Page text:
Option's or_else


I’m trying to wrap a queue which internally contains two queues, so it behaves like normal_queue is appended to favored_queue.

pub struct FzDQueue {
    favored_queue: VecDeque<QEntry>,
    normal_queue: VecDeque<QEntry>,

And for get_mut(i), I would like to get reference of the entry firstly from favored_queue and if failed from normal_queue.
Option::or_else seems an exact match

pub fn get_mut(&mut self, pos: usize) -> Option<&mut QEntry> {
    let favored_len = self.favored_queue.len();
//        let favored_entry = self.favored_queue.get_mut(pos);
//        if favored_entry.is_some() {
//            return favored_entry;
//        } else {
//            return self.normal_queue.get_mut(pos - favored_len);
//        }
    return self.favored_queue.get_mut(pos).or_else(|| self.normal_queue.get_mut(pos - favored_len));

However it emits an error:

error[E0373]: closure may outlive the current function, but it borrows self, which is owned by the current function
–> src/lib/queue/fzd_queue.rs:49:56
49 | return self.favored_queue.get_mut(pos).or_else(|| self.normal_queue.get_mut(pos - favored_len));
| ^^ ---- self is borrowed here
| |
| may outlive borrowed value self
help: to force the closure to take ownership of self (and any other referenced variables), use the move keyword
49 | return self.favored_queue.get_mut(pos).or_else(move || self.normal_queue.get_mut(pos - favored_len));

I guess it’s something due to FnOnce or_else takes (https://doc.rust-lang.org/nightly/std/option/enum.Option.html#method.or_else), which should be “static”.

OTOH, the code below works fine.

fn pick_next_favored(&mut self) -> Option<QEntry> {
    return self.favored_queue.pop_front();

fn pick_next_normal(&mut self) -> Option<QEntry> {
    return self.normal_queue.pop_front();

pub fn pick_next(&mut self) -> Option<QEntry> {
    return self.pick_next_favored().or_else(|| self.pick_next_normal());

So my questions are:

  1. Why the second code compiles fine why the first fails?
  2. Is there any way to use or_else in the first case?


try this:

    pub fn get_mut(&mut self, pos: usize) -> Option<&mut QEntry> {
        let favored_len = self.favored_queue.len();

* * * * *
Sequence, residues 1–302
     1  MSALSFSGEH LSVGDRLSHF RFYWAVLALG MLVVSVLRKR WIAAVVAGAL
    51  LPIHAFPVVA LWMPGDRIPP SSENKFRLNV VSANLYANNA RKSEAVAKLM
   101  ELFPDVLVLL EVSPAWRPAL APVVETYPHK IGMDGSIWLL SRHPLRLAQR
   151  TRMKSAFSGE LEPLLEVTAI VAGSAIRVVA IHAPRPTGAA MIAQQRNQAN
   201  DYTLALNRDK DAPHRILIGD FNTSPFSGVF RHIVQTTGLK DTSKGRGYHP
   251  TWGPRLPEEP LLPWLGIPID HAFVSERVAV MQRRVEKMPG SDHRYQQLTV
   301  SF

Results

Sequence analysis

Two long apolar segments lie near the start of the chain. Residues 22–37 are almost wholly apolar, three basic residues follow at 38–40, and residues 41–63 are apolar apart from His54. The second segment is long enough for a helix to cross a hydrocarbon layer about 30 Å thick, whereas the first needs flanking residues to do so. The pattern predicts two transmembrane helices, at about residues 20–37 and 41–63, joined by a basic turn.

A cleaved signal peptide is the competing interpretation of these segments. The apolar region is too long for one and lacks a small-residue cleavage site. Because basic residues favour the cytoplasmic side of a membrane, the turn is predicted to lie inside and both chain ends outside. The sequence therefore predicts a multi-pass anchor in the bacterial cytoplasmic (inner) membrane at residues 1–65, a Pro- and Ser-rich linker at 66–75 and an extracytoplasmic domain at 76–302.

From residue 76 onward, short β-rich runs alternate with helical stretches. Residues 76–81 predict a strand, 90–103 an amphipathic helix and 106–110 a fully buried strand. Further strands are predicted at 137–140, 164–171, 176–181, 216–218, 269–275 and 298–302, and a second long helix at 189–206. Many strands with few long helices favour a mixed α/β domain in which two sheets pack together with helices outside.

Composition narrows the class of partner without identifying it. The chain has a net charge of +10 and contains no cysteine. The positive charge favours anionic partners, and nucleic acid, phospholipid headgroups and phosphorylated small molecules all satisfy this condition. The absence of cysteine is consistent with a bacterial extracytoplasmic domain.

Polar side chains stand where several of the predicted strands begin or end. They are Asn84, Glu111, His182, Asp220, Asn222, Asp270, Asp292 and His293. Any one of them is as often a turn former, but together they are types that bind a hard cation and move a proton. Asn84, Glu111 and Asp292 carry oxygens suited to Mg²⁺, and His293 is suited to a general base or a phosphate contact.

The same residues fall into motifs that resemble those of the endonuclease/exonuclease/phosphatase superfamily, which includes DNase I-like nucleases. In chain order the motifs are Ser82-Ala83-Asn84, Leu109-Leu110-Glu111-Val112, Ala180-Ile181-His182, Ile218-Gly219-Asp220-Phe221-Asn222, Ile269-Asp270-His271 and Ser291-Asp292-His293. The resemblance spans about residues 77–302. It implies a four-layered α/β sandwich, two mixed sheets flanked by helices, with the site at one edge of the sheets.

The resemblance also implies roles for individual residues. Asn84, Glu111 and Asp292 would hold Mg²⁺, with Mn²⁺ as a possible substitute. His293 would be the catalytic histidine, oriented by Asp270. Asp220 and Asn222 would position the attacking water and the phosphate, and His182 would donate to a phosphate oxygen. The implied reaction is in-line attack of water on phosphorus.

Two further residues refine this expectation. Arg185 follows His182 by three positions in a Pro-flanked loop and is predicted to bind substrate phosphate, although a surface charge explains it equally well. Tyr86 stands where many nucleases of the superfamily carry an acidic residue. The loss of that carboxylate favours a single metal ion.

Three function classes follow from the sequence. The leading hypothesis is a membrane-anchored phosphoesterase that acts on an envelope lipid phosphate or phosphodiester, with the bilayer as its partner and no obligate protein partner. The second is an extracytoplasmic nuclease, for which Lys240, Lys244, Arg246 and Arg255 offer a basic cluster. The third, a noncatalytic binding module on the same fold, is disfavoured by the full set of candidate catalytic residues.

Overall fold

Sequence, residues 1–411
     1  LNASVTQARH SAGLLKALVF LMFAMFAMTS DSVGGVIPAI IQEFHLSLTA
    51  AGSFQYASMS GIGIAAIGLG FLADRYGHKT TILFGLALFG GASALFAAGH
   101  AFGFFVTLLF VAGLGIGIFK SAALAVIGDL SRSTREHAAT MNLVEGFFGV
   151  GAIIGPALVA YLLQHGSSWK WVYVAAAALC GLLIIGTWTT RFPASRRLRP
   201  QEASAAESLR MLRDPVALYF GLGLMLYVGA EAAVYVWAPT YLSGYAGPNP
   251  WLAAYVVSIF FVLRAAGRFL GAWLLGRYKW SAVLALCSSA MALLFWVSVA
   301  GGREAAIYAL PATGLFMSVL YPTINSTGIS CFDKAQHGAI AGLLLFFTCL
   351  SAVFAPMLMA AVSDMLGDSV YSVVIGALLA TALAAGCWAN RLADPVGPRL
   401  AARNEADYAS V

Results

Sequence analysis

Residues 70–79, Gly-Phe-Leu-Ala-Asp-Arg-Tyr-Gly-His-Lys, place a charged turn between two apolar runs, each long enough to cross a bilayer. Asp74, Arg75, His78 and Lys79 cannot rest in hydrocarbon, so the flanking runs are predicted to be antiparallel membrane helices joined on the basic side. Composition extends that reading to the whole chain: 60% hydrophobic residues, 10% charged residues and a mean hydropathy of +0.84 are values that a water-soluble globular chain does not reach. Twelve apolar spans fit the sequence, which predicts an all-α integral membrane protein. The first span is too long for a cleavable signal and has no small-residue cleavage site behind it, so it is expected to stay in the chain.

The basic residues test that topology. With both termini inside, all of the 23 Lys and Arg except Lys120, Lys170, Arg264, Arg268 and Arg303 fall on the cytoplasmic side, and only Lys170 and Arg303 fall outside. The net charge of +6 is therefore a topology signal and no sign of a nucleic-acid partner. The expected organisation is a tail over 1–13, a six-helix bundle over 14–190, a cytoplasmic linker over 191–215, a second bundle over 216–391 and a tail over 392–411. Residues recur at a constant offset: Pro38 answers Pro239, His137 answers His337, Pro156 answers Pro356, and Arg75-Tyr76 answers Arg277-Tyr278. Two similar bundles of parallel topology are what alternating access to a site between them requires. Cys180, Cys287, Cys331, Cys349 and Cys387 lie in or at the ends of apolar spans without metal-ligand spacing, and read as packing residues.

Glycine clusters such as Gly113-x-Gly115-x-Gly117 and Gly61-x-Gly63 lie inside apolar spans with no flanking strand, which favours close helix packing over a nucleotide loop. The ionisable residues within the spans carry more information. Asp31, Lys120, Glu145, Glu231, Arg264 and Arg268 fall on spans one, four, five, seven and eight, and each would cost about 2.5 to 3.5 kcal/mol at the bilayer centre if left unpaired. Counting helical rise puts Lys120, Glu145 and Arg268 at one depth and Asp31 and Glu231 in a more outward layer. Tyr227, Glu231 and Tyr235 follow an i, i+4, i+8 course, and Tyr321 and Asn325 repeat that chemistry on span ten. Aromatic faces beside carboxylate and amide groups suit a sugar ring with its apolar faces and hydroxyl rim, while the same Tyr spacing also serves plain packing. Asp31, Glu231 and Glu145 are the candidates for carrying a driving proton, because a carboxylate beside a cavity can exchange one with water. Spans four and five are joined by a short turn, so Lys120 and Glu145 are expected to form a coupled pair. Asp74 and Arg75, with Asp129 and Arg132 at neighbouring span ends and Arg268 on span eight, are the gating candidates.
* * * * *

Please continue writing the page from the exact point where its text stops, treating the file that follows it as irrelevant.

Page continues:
let fq = &mut self.favored_queue;
        let nq = &mut self.normal_queue;
            move || nq.get_mut(pos - favored_len),


Alternatively, you have the length of the first list. You could just do this:

pub fn get_mut(&mut self, pos: usize) -> Option<&mut QEntry> {
    let favored_len = self.favored_queue.len();
    if pos < favored_len {
    } else {
        self.normal_queue.get_mut(pos - favored_len)


That’s very much like the one I commented in the first code snippet :joy:


That works!

No I’m very curious about how rustc determines the these two snippets :joy:


self is borrowed here:


so rustc can not move self into the closure, instead it borrow self, which means the type of self in clousre is &'a &'b mut self. life time 'a is less then ‘b’, then the error occurs.


The problem is that when you return Option<&mut QEntry> the mutable borrow of self is extended out to the caller - it doesn’t end after the get_mut call. I’m actually surprised it doesn’t instead complain about trying to borrow mutably more than once at a time. I suspect it just fails while trying to synthesize the closure type and doesn’t get far enough. The closure likely contains a &'a mut &'b mut self; if you try to create your own struct like:

struct __Closure<'a,'b> {
    _self: &'a mut &'b mut FzDQueue

You’ll see the compiler complains about the lifetimes - it cannot guarantee that 'b:'a. If you make the struct signature struct __Closure<'a, 'b: 'a> then everything’s fine, but I suspect the synthesized closure does not do that.

Once you split the borrows to favored_queue and normal_queue, as @nooberfsh showed, the compiler doesn’t complain because as far as it’s concerned you’re not trying to borrow the same value mutably more than once at a time - they’re disjoint borrows.

This is one of those cases where the original code should just work, but compiler isn’t “smart” enough/doesn’t see through the code.